Still, it’s only natural after such a long career that you can look back on certain things with a tinge of regret. For Moriarty, it was how he handled the transition from amateur to professional, though inexperience played its part.
“I probably questioned myself too much straight away. You need to trust what got you there. It’s different, no matter what anybody tells you but I achieved a lot as an amateur and probably didn’t trust what got me to that next level.”
“It’s fine if you hit the ground running and you get a status and you’re out on the Tour but if all of a sudden and you go to Q-School like a lot of lads do in their first year out and they miss out, straight away, you’re thinking, ‘oh, I’m not good enough, I need to change X, Y and Z, I need to change my swing’, and next thing you’re lost.”
However, Moriarty certainly isn’t lost anymore and now a teacher of the game based out of the magnificent new practice facilities at Glasson, he houses a wealth of experience that he’s ready to pass on to the next generation of aspiring professionals.
“I really enjoy the coaching but it’s a crowded market. If you type into Google ‘how to swing a golf club’ or ‘improve my back swing’, you’ll get 10,000 different ideas on how to do it; some right and some totally wrong!”
“Sometimes people can go for lessons and their enjoyment of the game can actually diminish. I often ask students, ‘do you want to have a swing that looks really good or do you want to be able to go out, enjoy your golf and shoot a good score?’”.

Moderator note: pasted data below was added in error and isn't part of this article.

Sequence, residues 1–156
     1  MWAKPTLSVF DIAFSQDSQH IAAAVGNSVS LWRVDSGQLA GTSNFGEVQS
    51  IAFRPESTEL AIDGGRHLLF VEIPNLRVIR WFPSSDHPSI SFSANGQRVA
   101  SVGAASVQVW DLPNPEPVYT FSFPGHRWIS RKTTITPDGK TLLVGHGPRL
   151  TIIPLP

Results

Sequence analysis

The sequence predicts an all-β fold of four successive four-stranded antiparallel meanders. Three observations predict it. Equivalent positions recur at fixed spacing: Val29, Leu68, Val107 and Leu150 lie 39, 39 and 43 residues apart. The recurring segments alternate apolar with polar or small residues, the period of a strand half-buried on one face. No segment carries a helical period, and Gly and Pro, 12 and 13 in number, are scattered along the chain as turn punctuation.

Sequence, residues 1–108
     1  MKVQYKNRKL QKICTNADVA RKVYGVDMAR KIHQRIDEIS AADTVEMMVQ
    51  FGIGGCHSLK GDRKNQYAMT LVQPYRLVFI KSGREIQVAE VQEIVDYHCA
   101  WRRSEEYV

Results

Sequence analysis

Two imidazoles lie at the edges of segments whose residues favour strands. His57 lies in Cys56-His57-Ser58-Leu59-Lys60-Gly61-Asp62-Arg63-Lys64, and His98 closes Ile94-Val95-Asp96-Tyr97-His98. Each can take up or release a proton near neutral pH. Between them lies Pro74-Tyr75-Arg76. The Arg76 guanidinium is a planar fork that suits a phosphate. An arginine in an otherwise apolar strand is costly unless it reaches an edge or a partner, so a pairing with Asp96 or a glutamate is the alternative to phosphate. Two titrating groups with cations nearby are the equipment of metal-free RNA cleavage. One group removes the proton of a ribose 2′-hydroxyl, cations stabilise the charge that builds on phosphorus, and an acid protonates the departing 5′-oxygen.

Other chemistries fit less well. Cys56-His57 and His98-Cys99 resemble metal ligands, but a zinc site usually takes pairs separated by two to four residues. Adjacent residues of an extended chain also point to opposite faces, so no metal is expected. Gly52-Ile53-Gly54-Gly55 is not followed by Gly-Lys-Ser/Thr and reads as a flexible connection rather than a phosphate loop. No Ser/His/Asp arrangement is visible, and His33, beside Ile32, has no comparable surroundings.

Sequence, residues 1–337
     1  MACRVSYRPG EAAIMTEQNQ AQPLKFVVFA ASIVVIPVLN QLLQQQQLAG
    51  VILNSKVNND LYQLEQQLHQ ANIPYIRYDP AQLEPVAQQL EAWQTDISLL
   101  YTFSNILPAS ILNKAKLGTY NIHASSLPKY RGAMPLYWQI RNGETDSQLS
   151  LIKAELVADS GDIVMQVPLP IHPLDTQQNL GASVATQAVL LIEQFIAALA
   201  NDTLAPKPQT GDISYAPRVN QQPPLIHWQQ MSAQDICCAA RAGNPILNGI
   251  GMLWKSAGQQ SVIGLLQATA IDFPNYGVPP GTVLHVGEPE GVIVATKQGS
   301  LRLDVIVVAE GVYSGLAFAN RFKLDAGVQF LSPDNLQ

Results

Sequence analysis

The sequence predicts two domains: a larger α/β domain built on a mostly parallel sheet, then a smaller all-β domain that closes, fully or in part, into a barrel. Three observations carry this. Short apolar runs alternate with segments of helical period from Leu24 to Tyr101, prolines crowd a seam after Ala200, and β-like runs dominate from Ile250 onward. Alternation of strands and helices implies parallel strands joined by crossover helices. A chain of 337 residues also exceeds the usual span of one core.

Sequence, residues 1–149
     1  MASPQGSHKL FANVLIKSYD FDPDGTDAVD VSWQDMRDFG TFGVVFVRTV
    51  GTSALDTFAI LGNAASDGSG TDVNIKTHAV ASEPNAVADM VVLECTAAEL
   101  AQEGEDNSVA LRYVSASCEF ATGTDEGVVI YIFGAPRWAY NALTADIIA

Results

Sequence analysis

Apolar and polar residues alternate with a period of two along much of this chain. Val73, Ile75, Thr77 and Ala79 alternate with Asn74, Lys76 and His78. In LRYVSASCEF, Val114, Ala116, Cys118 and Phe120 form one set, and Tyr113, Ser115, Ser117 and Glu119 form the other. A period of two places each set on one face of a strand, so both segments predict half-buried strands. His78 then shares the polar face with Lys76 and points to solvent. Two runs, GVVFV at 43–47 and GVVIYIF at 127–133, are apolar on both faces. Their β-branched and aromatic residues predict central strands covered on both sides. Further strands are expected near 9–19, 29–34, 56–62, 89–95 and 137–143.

“Lots of guys focus solely on technical coaching and making people look like they have a better swing and go with the current trends. But I actually want to try and improve people to get the best out of their natural ability; simply teaching them how to get the ball around the course in less shots. That might be too simplistic for some people these days, but that’s what golf in its most simplistic form is.”
Having sat down with Colm, it’s probably due to his vast experience that he can now simplify our most complex game. One or two shots less here or there could have made all the difference to his own playing ambitions, his resume reads well regardless. Having refused to turn his back on the game he loves, he enters this new chapter of his career with a mine of information at his disposal, and no doubt those who visit him will only benefit from his knowledge. We wish him every success.